Speaker 1: There's none of that now. What was it like being in that, I don't know, that microcosm of you could put out a video, put it on Headbangers Ball and everybody would see it and then you guys could tour on that. What was that like as opposed to what you have to deal with today in rock?
Steve Souza: The medium was different at that time. The medium was, can you guys still hear me?
Speaker 1: Yup.
Speaker 3: Yup. We're still good.
Speaker 1: Can you hear us?
Steve Souza: Yeah I can hear you now. Can you hear me?
Speaker 3: Yup.
Speaker 1: Yeah.
Steve Souza: Okay the medium was different. The only way you could see your favorite bands was to go to concert or watch them once a week on MTV. Now it's you want to watch your favorite bands from a concert you put on YouTube, you got last nights concert wherever the hell they were. You know we don't, it's kind of crushed the mystique of going to show. I remember when the Ramones used to come around. Usually once a year, once every year and a half you had to go see the Ramones to see the Ramones. It wasn't like you could put up a video or something like that. It didn't work like that and it doesn't work like that.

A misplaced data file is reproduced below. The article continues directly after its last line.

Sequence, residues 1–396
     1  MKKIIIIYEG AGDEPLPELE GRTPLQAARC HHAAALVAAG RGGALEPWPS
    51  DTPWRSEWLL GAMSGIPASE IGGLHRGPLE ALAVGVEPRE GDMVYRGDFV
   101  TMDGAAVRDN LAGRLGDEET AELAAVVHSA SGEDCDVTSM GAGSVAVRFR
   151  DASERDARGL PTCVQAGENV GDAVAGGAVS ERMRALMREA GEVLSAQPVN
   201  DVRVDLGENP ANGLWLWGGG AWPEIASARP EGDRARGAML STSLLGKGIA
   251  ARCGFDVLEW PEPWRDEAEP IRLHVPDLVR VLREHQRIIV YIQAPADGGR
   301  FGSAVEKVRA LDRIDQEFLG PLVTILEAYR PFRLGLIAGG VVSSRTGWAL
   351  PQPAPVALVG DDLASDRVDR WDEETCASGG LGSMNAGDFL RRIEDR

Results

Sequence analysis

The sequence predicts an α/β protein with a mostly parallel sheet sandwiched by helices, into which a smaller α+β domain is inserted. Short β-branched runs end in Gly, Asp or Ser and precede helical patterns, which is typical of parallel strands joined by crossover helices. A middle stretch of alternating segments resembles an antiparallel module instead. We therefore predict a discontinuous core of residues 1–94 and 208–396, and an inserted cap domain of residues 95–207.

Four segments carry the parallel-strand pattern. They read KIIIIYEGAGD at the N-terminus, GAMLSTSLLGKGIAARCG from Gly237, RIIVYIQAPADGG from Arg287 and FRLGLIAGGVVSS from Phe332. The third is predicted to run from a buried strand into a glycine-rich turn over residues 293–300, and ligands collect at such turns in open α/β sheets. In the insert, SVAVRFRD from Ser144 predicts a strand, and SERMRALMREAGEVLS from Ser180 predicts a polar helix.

Speaker 1: So, do you think and this is probably a loaded question, but do you think there's any way we can save rock and roll and metal in this day and age?
Speaker 3: What do you think we're missing?
Steve Souza: Metal will always last because metal is always got that contingent fan base that doesn't give a shit. There's always going to be the dark. There's always going to be the outlaw. There's always going to be the guy who's always sits out and wants to be different. I mean if you go to schools now metal heads are few and far between. I mean I have five kids. Three of my own and two step and none of them, the last two just got out the last couple of years. My oldest is 29. Not a lot of kids, like you'll see going down the street wearing metal tee shirts anymore. It's just more, I don't know, hip hop or whatever pop music is. It's just not put in their face. So they don't know it. Again, if it was something that everybody looked at then it would be different, but nobody does. So, it's not cool. The edge of metal is not cool. It's more hip hop and whatever Drake's saying and this guy.
Steve Souza: Those guys turnover so fast it's unbelievable. Even the rappers that were around in 1985 have to do the old school metal rap tour together to get people to come. I don't have to do that shit. I can still go out and play on a new record that's going to be strong. You know?